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Open AccessArticle

Seasonal Dynamics of Litterfall in a Sub-Alpine Spruce-Fir Forest on the Eastern Tibetan Plateau: Allometric Scaling Relationships Based on One Year of Observations

1
Long-Term Research Station of Alpine Forest Ecosystem, Key Laboratory of Ecological Forestry Engineering, Institute of Ecology and Forestry, Sichuan Agricultural University, Chengdu 611130, China
2
Collaborative Innovation Center of Ecological Security in the Upper Reaches of Yangtze River in Sichuan Province, Chengdu 611130, China
*
Author to whom correspondence should be addressed.
Forests 2017, 8(9), 314; https://doi.org/10.3390/f8090314
Received: 28 July 2017 / Revised: 17 August 2017 / Accepted: 25 August 2017 / Published: 26 August 2017

Abstract

Litterfall is the primary source of carbon and nutrients that determine soil fertility in forest ecosystems. Most current studies have focused on foliar litter, but the seasonal dynamics and allometric scaling relationships among different litter components (e.g., foliar litter, woody litter, reproductive litter, and epiphytic litter) are poorly understood. Here, we investigated the litter production of various litter components in a sub-alpine spruce-fir forest on the eastern Tibetan Plateau based on one year of observations (from August 2015 to July 2016). Our results showed that total litter production (LT) was 2380 kg·ha−1·year−1 (3% of the aboveground forest biomass), of which 73.6% was foliar litter (LF), 15.6% was woody litter (LW), 3.0% was reproductive litter (LR), 1.3% was epiphytic litter (LE), and 6.5% was miscellaneous material (LM). The total litterfall was bimodal (with peaks occurring in April and October) and was dominated by tree species (85.4% of LT, whereas shrubs accounted for 6.8% of LT). The litter production of evergreen species (68.4% of LT) was higher than that of deciduous species (23.8% of LT). Isometric relationships were observed between litter components and the total litter (i.e., LF∝LT0.99≈1 and LR∝LT0.98≈1), and allometric relationships were also found (i.e., LW∝LT1.40>1 and LM∝LT0.82<1). However, because some components did not exhibit obvious seasonal dynamics (i.e., LE), some relationships could not be expressed using allometric equations (i.e., LE versus LT, LF versus LE, LW versus LE, and LE versus LM). Thus, the different litter components showed different seasonal dynamics, and the total litter dynamics were primarily determined by the variation in foliar litter. In addition, the allometric relationships of the forest litterfall varied with the litter components, functional types (evergreen versus deciduous) and vertical structures (tree versus shrub). This study provides basic data and a new insight for future plant litter studies.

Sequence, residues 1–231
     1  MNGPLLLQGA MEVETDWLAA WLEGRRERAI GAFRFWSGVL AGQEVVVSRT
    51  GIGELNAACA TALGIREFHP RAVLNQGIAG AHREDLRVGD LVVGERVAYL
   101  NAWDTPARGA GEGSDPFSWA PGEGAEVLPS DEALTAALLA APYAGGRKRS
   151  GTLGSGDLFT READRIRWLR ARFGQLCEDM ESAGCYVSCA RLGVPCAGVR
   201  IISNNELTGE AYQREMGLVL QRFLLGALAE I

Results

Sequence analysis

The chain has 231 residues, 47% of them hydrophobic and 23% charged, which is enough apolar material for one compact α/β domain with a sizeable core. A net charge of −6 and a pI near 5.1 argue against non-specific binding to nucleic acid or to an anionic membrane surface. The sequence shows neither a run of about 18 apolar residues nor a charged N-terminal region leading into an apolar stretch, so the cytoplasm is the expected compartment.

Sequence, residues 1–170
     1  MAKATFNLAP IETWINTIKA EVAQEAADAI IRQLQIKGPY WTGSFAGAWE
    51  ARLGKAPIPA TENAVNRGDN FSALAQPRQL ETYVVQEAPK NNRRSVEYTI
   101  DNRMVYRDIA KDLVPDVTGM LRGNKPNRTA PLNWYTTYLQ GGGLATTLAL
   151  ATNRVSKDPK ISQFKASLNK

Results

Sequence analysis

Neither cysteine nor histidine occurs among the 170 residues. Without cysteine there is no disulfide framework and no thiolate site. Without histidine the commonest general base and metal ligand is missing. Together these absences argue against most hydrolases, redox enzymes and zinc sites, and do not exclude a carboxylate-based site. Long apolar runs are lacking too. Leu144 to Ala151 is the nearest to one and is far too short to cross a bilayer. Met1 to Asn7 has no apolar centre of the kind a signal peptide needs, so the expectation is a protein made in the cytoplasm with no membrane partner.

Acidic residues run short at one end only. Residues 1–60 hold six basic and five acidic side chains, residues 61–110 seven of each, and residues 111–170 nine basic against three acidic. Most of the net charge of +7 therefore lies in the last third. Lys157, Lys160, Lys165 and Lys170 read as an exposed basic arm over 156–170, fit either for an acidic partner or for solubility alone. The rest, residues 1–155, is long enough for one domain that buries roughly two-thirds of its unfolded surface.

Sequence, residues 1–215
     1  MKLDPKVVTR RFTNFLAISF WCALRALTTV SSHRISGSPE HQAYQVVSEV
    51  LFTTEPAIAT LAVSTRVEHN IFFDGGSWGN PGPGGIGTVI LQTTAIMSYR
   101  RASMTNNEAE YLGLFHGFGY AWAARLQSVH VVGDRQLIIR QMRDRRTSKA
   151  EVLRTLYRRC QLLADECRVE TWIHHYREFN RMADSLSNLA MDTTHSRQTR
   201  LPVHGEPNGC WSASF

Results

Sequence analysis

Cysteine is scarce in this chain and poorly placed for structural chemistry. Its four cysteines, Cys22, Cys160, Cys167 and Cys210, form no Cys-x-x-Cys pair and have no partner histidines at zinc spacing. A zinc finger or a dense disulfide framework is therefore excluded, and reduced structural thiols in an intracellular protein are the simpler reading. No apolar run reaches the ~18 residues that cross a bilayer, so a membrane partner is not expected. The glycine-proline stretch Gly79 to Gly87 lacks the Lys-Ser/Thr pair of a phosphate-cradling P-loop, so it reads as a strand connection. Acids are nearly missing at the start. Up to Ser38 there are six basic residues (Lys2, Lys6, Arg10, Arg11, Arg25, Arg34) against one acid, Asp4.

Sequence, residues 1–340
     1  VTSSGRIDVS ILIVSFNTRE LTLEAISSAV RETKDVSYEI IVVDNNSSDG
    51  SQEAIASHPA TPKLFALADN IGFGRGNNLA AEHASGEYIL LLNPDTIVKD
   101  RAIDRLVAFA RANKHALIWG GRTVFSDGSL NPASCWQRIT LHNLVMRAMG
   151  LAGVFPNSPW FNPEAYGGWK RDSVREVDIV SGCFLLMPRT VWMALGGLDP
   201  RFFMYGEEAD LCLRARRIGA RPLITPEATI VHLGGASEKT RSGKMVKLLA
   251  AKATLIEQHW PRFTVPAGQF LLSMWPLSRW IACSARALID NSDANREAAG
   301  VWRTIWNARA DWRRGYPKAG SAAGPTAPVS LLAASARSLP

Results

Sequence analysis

Keywords: litter production; dynamics; high-altitude frigid region; spruce-fir forest; allometric equation litter production; dynamics; high-altitude frigid region; spruce-fir forest; allometric equation

1. Introduction

Forest litterfall involves active carbon and nutrient fluxes and represents a key link between tree community composition and the soil [1]; its production and input patterns are important for maintaining the stability of forest ecosystem structure and function [2,3]. Moreover, the annual terrestrial total litter production (5.48 × 109 t), which is 2.0% of the estimated worldwide total detrital soil organic matter [4], is directly related to material circulation and the energy flow of ecosystems [5,6]. Due to low temperatures and frequent geological disasters, coniferous forest ecosystems in high-altitude frigid regions have a thin mineral soil layer and poor soil development [7]; therefore, litterfall is the primary source of nutrients and energy for the soil [8]. However, due to the complex terrain and dynamic climate environment, information on the litter production of coniferous forests in high-altitude frigid regions is inconsistent.
Litter production is a major factor that determines the nutrient return of forest ecosystems [9], and its components affect the efficiency of material circulation [10], the rate of nutrient return [11], and litter decomposition through litter quality and dynamics [12,13]. Simultaneously, litter components show clear seasonal patterns in litter quantities [14]. For example, among deciduous trees, peak foliar litterfall occurs in autumn, peak flower litterfall occurs in spring or summer, peak fruit and seed litterfall occurs in summer and autumn, and peak twig litterfall occurs in spring and autumn [4,15], suggesting that the different organs vary in their response to climate [9,16]. However, in high-altitude frigid regions, litterfall may exhibit different seasonal dynamics mainly due to the short growing season and more complex climate [17,18]. Hence, the different litter components should differ in quantities and dynamics in high-altitude frigid forest ecosystems, but these factors have not received focused attention.